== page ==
COMP36111: Advanced Algorithms 1 (2011-2012)
This unit provides an advanced course in algorithms, assuming the student already knows algorithms for common computational tasks, and can reason about the correctness of algorithms and understand the basics of computing the complexity of algorithms and comparing algorithmic performance.
The course focuses on the range of algorithms available for computational tasks, considering the fundamental division of tractable tasks, with linear or polynomial-time algorithms, and tasks that appear to be intractable, in that the only algorithms available are exponential-time in the worst case.
To examine the range of algorithmic behaviour and this fundamental divide, three topics are covered:
Examining a range of common computational tasks and algorithms available: We shall consider linear and polynomial-time algorithms for string matching tasks and problems that may be interpreted in terms of graphs. For the latter we shall consider the divide between tractable and intractable tasks, showing that it is difficult to determine what range of algorithms is available for any given task.
Complexity measures and complexity classes: How to compute complexity measures of algorithms, and comparing tasks according to their complexity. Complexity classes of computational tasks, reduction techniques. Deterministic and non-deterministic computation. Polynomial-time classes and non-deterministic polynomial-time classes. Completeness and hardness. The fundamental classes P and NP-complete. NP-complete tasks.
Intractable problems: Techniques for efficient computation: What to do in the case of intractable computational tasks? A range of possible approaches will be considered, including approximation techniques and randomised/probabilistic algorithms.
Advanced Algorithms (II): In the second semester a follow-up course unit is available. This course will explore classes of algorithms for modelling and analysing complex systems, as arising in nature and engineering. These examples include: flocking algorithms; optimisation algorithms; stability and accuracy in numerical algorithms.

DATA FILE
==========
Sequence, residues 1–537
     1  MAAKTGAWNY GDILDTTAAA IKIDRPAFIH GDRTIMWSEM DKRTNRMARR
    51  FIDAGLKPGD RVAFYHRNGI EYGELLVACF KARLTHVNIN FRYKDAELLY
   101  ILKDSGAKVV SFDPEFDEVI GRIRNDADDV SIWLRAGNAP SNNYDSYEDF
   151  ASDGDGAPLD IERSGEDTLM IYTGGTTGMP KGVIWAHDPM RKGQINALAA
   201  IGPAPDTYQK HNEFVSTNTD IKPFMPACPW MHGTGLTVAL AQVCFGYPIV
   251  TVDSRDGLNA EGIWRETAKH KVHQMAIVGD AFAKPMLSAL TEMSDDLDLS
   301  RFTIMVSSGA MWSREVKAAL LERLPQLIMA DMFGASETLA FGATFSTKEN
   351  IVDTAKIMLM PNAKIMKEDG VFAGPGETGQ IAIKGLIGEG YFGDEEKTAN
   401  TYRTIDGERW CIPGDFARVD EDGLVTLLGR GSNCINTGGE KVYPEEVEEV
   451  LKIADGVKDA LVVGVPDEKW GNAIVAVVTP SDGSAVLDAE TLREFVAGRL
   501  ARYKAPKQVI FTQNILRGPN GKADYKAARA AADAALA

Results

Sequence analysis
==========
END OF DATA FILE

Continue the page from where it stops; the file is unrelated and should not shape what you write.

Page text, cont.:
|Programme outcome||Unit learning outcomes||Assessment|
|A2 B1 B2 B3 D6||Be able to develop, and reason about the correctness and performance of, algorithms for string searching and for calculating over graphs.|
|A2 B1 B2 B3 C5 D6||Understand the distinction between linear and polynomial-time tasks, and those with exponential-time algorithms; tractable and intractable tasks.|
|A2 B1 B2 B3 C5 D6||Understand the general notion of complexity classes, P and NP, completeness and hardness, and the relationships between classes by reduction.|
|A2 B1 B2 B3 C5 D6||You will also have seen how to show tasks are NP-complete and know a range of NP-complete problems.|
|A2 B1 B2 B3 C5 D6||Have studied a range of techniques for approaching intractable tasks, including approximation methods and randomised/probabilistic algorithms, understand the key issues involved, and be able to use these techniques to develop algorithms.|
Lecture sessions per topic are estimates.
Part 1: Introduction to algorithmic diversity
Introduction (1 lecture)
Overview, organisation, background, the key ideas of the course and their importance.
String searching: Linear and polynomial-time algorithms (1 lecture)
Introduction to string searching
Preconditioning techniques: Boyer-Moore and Knuth-Morris-Pratt algorithms
Survey of other techniques for string searching
Graphs and graph algorithms: Polynomial-time and exponential-time algorithms (3 lectures)
Review of graphs: basic ideas, terminology and basic concepts including paths,
connectivity and components, graph representation
Traversal techniques for trees and graphs, analysis and use in algorithms
Linear and polynomial-time graph algorithms
Exponential-time graph algorithms: the landscape and examples of tasks and algorithms.
Part 2: Algorithmic complexity and complexity classes (5-6 lectures)
The marriage problem and flow networks
Time and Space Complexity
The Gap Theorem and the complexity hierarchy
Savitch's Theorem and the Immerman-Szelepcsenyi Theorem
Reductions, completeness and hardness
SAT and Cook's Theorem
Proofs of NP-completeness and examples of NP-complete problems
Some problems beyond NP.
Part 3: Intractable problems: Techniques for efficient computation (3-4 lectures)
What to do in the case of intractable computational tasks?
Randomised/probabilistic algorithms. Examples of randomisation in use and performance issues
Core TextTitle: Computational complexity
Author: Papadimitriou, Christos H
Publisher: Addison-Wesley Longman
Title: String searching algorithms
Author: Stephen, Graham A.
Publisher: World Scientific
Title: Introduction to the theory of computation (3rd edition)
Author: Sipser, Michael
Publisher: Cengage Learning
Title: Languages and machines: introduction to the theory of Computer Science (2nd edition)
Author: Sudkamp, Thomas A.
Publisher: Addison Wesley
Supplementary TextTitle: Fundamentals of algorithmics
Author: Brassard, Gilles and Paul Bratley
Publisher: Pearson Education Limited
Supplementary TextTitle: Introduction to the theory of complexity
Author: Bovet, Daniel Pierre and Pierluigi Crescenzi
Publisher: Prentice Hall